America’s Neocons Betray the Plutocracy

As the Ukraine conflict expands into an economic war between the U.S. and Russia, it has become clear that U.S. foreign policy no longer serves the interests of the U.S. plutocracy. The following developments, engineered by Washington’s Neocons, will inflict increasing harm on the business interests of the United States:

  • Freezing of the assets of the Russian central bank. More than $100 billion of Russian central bank assets held in U.S. financial institutions have been seized, resulting in permanent damage to trust in the safety of U.S. dollar deposits.
  • Blocking Russian petroleum imports. Although the U.S. is less dependent on imports of Russian oil, there will be inflation of petroleum and commodity prices in the U.S., leading to reduced economic growth.
  • Removing Russian financial institutions from the SWIFT electronic payments network. Russia, China, and India will resort to alternative electronic trading networks that will bypass SWIFT and reduce the role of the dollar in world trade.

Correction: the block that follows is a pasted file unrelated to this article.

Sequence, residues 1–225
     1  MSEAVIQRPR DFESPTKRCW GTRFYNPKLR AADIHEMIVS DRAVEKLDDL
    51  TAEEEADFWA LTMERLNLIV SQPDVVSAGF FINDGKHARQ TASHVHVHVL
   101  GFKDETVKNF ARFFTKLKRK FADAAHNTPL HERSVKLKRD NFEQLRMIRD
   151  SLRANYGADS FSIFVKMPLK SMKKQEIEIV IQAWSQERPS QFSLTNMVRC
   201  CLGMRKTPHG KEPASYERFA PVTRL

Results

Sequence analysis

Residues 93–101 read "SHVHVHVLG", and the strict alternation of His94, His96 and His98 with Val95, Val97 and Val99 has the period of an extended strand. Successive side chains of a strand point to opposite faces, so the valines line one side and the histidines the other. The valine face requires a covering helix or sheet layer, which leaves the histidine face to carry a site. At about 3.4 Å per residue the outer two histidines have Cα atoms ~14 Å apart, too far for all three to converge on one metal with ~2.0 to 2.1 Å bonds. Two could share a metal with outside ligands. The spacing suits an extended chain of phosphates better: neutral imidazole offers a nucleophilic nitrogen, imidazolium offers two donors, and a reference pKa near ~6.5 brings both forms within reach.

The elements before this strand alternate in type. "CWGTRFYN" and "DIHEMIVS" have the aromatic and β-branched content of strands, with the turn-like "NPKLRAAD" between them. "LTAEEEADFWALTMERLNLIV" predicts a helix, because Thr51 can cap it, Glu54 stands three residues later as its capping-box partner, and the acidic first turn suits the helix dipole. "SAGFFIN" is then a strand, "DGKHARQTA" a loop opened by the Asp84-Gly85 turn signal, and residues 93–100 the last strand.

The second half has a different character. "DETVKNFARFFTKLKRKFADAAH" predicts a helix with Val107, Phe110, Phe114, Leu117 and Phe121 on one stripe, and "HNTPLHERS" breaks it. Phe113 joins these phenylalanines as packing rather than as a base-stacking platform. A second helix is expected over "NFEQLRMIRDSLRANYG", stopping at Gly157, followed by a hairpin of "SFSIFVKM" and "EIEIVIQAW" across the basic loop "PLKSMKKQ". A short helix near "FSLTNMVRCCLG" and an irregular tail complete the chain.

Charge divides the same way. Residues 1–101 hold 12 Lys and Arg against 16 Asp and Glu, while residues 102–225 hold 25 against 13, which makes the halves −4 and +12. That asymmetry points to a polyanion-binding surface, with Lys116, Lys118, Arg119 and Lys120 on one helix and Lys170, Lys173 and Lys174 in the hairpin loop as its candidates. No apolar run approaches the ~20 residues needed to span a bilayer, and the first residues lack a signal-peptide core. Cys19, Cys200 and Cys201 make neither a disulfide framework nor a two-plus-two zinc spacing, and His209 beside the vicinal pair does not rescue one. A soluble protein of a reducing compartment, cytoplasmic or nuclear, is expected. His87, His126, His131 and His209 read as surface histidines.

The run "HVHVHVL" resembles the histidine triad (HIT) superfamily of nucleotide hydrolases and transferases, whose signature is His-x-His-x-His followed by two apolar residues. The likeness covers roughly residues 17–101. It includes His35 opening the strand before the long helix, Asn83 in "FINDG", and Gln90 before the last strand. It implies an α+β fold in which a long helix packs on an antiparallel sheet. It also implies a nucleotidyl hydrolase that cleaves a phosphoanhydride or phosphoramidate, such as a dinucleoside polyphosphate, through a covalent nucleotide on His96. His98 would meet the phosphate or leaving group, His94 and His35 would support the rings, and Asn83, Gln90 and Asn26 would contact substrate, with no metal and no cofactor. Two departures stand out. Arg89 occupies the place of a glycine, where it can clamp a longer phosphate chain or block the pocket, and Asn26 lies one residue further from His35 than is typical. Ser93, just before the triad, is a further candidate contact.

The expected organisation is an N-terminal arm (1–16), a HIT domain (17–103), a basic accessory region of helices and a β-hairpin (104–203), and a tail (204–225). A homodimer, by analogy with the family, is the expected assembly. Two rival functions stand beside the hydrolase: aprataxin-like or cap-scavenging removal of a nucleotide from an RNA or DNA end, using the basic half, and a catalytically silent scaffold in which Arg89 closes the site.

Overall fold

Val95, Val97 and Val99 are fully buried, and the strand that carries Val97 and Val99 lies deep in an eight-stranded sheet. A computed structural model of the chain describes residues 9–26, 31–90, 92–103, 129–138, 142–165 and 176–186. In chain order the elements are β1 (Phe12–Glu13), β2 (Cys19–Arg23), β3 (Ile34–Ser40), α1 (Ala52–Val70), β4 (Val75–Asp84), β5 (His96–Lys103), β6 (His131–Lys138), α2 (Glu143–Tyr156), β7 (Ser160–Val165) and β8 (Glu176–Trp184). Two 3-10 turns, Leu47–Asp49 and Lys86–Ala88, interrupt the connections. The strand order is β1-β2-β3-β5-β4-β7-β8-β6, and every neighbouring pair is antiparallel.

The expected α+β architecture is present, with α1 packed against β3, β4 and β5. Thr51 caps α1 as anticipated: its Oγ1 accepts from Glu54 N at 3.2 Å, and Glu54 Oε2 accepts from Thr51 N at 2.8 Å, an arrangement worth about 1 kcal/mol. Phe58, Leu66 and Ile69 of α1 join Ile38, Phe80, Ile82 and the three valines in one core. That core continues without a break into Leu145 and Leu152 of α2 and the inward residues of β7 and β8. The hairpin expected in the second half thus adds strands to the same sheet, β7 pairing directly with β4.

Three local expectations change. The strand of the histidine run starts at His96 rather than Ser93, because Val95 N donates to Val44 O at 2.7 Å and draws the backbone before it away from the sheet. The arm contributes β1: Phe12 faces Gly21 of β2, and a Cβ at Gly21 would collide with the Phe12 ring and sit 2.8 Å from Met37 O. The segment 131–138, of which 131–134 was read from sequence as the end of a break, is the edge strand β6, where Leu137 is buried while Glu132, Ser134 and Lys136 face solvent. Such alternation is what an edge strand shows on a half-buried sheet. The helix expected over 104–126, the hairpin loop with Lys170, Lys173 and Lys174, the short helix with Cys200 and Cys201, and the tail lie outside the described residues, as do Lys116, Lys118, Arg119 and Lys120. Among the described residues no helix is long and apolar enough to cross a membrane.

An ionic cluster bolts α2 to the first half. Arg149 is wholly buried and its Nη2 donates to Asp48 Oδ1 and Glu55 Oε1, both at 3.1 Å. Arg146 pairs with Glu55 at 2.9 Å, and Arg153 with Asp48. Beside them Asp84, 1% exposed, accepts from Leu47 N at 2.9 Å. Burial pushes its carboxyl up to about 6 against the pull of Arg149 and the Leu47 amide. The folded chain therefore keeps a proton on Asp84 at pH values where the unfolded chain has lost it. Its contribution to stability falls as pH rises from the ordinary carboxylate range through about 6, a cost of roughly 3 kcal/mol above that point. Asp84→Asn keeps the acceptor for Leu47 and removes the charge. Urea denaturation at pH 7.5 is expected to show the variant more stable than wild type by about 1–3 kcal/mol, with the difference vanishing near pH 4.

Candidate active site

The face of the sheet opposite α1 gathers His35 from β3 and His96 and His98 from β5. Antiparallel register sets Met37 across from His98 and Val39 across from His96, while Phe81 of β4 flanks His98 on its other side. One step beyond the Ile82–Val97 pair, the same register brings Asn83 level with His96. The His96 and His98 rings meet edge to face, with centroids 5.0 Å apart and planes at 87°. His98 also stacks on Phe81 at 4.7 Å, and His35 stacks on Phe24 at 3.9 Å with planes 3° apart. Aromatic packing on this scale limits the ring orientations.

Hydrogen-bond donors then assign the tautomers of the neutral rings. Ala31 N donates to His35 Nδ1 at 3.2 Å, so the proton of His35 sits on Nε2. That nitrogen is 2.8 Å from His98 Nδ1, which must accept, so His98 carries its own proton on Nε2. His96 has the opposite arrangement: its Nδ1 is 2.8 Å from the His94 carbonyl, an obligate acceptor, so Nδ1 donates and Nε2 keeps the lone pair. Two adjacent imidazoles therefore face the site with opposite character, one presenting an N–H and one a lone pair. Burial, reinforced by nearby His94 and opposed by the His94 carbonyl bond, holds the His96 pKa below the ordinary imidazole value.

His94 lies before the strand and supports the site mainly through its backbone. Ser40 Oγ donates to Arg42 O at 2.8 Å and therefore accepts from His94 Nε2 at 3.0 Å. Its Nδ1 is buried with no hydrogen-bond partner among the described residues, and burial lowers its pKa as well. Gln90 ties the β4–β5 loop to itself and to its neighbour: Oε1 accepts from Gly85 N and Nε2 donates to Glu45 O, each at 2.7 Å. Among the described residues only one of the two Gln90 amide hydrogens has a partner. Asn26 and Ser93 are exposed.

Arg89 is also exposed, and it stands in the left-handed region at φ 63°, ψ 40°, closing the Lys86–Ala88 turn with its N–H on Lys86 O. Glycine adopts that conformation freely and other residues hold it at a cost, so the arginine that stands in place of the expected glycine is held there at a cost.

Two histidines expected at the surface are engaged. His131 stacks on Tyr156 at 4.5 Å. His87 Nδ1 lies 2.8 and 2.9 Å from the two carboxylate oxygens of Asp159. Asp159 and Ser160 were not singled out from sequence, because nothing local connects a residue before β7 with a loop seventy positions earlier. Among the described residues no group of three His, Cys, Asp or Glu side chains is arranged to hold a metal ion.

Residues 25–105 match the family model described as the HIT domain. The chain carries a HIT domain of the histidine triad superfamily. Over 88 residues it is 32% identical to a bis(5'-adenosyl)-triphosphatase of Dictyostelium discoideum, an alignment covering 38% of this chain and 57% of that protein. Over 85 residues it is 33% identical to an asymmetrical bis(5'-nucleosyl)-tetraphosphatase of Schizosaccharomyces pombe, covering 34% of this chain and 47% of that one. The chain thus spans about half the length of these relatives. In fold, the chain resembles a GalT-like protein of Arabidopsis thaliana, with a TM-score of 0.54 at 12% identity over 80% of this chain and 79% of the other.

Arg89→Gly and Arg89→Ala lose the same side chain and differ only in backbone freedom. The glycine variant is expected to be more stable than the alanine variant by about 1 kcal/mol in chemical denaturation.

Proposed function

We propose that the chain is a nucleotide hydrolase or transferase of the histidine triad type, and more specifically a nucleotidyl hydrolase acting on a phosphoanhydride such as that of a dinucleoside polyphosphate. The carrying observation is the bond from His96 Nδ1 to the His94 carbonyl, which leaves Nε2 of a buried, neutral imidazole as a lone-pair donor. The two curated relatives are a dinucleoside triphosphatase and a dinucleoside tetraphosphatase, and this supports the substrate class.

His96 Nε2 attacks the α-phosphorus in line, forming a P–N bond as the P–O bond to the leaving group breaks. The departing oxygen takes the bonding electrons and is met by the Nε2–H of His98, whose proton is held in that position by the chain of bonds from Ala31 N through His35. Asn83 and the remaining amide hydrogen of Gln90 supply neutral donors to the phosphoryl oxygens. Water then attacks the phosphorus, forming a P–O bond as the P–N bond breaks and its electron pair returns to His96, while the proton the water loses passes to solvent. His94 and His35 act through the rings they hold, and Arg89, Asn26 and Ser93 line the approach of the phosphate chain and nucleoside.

• Encouraging dozens of U.S. corporations to abandon their Russian business operations. This action has nullified decades of U.S. investment in Russia and will likely lead to the permanent displacement of those businesses by competitors from other nations.

In 1953, a General Motors executive famously said that what was good for GM was good for America, indicating that there was no conflict between the goals of the U.S. government and U.S. business. Today, America’s Neocon ideologues are pursuing policies clearly detrimental to American business and damaging to the U.S. economy. How did this strange situation arise?

The Neocon project, originating with the collapse of the Soviet Union, was to forcibly spread liberal democracy worldwide, with the corresponding expansion of markets for U.S. global corporations. Launched as a response to the 9/11 attacks, the Neocon Global War on Terror was a military campaign aimed at imposing democracy and economic exploitation on the Mideast. After some initial success, this scheme turned into a costly series of stalemated and abandoned wars that spread ruin and chaos in Afghanistan, Iraq, Libya, and Syria.